The University of New Mexico Center for Collaborative Research & Community Engagement (CCRCE) in the College of Education (COE) organized a research showcase in Travelstead Hall on Friday Sept. 28 from 3 p.m. to 5 p.m. The event was hosted by the Alumni Relations Office and College of Education.

CCRCE is a new center that was officially given the stamp of approval on Feb. 1 of this year. The center is still under development. Its advisory board consists of different members, including five faculty members from different departments of the COE, an indigenous tribal member, one representative from non-profit organizations and one representative from the Albuquerque Public School district.

According to the CCRE website, they provide a range of services to faculty, including funding identification, project ideation, proposal development support, budget guidance and administrative approvals. Services also include training, workshops and information.

This research showcase was the first event organized by the CCRE. The inaugural research showcase event highlighted the research done by COE faculty. This research was funded by W. K. Kellogg’s Foundation on Transformative Action Groups (TAGs). In addition, the event showcased collaborative and community research by the new center as well as, the STARS Austrian-American Student Teacher Program.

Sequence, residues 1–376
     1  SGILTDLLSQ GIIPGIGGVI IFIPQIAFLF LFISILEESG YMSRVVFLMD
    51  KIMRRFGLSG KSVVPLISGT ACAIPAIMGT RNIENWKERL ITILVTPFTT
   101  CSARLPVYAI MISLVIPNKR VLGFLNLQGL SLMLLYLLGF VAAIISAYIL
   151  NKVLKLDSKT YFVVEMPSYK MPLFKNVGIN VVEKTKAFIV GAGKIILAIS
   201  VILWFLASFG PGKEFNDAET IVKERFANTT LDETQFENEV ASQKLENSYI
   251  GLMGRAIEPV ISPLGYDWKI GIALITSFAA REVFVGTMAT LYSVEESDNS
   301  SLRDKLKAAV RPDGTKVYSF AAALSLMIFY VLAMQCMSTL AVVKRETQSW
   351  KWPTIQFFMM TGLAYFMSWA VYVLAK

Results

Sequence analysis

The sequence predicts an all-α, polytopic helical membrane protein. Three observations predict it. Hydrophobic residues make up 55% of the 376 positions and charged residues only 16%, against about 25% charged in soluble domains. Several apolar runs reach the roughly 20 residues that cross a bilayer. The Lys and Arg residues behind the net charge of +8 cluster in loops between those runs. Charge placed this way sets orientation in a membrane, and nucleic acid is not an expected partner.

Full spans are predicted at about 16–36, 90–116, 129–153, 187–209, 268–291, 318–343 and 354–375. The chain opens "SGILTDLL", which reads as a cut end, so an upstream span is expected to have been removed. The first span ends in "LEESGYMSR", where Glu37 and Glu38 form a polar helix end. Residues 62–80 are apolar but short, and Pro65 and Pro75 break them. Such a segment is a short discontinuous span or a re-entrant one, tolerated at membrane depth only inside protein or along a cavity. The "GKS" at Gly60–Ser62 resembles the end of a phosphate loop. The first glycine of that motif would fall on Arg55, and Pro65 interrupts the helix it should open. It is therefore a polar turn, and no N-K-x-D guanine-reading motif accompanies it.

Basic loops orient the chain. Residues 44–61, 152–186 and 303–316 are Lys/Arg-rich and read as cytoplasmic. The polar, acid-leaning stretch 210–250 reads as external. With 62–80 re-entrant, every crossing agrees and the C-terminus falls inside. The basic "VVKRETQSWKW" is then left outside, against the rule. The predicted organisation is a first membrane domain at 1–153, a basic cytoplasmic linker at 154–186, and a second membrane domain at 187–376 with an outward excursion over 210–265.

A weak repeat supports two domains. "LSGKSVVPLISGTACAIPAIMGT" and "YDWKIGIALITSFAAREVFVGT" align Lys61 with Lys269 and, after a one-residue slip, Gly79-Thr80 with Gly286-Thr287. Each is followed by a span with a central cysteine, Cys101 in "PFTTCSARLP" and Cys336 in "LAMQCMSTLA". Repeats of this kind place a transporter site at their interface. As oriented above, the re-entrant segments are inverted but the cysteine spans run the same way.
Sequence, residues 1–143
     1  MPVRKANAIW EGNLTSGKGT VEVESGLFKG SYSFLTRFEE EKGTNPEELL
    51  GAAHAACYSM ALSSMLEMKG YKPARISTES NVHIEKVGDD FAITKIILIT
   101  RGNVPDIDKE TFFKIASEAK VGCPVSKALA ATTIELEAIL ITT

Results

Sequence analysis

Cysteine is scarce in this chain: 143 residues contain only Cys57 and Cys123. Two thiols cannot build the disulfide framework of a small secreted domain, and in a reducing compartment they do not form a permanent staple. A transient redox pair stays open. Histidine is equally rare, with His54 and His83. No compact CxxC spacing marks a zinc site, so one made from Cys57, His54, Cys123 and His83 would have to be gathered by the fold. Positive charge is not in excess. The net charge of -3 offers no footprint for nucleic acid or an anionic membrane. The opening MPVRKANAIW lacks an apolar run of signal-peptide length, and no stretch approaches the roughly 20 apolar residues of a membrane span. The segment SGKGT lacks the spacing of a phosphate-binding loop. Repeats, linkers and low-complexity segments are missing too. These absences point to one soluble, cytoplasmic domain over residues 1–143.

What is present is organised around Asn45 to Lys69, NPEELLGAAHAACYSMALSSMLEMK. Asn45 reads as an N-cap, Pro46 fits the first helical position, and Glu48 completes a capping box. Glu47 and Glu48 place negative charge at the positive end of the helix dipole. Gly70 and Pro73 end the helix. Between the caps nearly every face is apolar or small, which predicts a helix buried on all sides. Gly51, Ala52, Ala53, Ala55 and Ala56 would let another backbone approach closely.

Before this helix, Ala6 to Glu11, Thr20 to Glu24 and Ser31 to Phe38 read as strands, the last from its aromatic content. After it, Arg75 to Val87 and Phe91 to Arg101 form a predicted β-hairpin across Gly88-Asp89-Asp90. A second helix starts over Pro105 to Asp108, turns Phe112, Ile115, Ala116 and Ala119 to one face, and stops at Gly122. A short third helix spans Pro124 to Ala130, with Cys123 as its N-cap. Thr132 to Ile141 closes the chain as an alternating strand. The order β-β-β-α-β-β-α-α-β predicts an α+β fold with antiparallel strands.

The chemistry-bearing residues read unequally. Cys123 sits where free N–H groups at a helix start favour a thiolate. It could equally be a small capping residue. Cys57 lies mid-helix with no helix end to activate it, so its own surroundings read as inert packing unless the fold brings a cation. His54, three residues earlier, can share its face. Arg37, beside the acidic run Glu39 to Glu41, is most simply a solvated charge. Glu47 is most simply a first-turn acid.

Sylvia Celedon-Pattichis, the director of the CCRE said, “We have very specific goals and my vision for this first year is about planning and trying to figure out how can we best support faculty and students in the college to conduct research, and to achieve and fulfill that goal and promise many of the services are already being provided by the research support team.”

She said that in addition to TAGs and Austrian-American Student Teacher Program, they also highlighted seven to 10 different projects across the college that are currently ongoing. She said she hopes that both undergraduate and graduate students come to see the work that is happening across the college. Many opportunities come from this kind of event, she said.

Jose Antonio Lecea Yanguas, a graduate student in the department of Language, Literacy and Sociocultural Studies and a team member for the research project AOLME, introduced their project and said they are developing a curriculum that would strengthen the self-confidence of the teachers and students in mathematics and computer programming through assigned responsibility.

CCRCE in its inaugural event showcased 24 research projects. The purpose of the showcase was to show cutting edge research and outreach activities in the UNM and Albuquerque community. The organizers specifically invited alumni, Albuquerque Public Schools teachers and students and UNM leadership.

Carlos Lopez-Leiva, a professor from the COE, shared his thoughts about the event and said that there is a lot of work going on in the College of Education. Faculty usually work separately and as a result get disconnected from each other. This kind of event provides an opportunity to come and see the work faculty does.

Hector Triana, a ninth-grader from the Early College Academy and a team member of the AOLME research project, said, “I feel being part of such projects like AOLME gives you great input to learn how to program and it will provide me great help in future if I pursue my education in computer programing.”

The showcase event was open to everyone and it brought in a lot of folks including teachers, students and community members from all over the city.

Tasawar Shah is the news reporter at the Daily Lobo. He can be contacted at or on Twitter @tashah_80.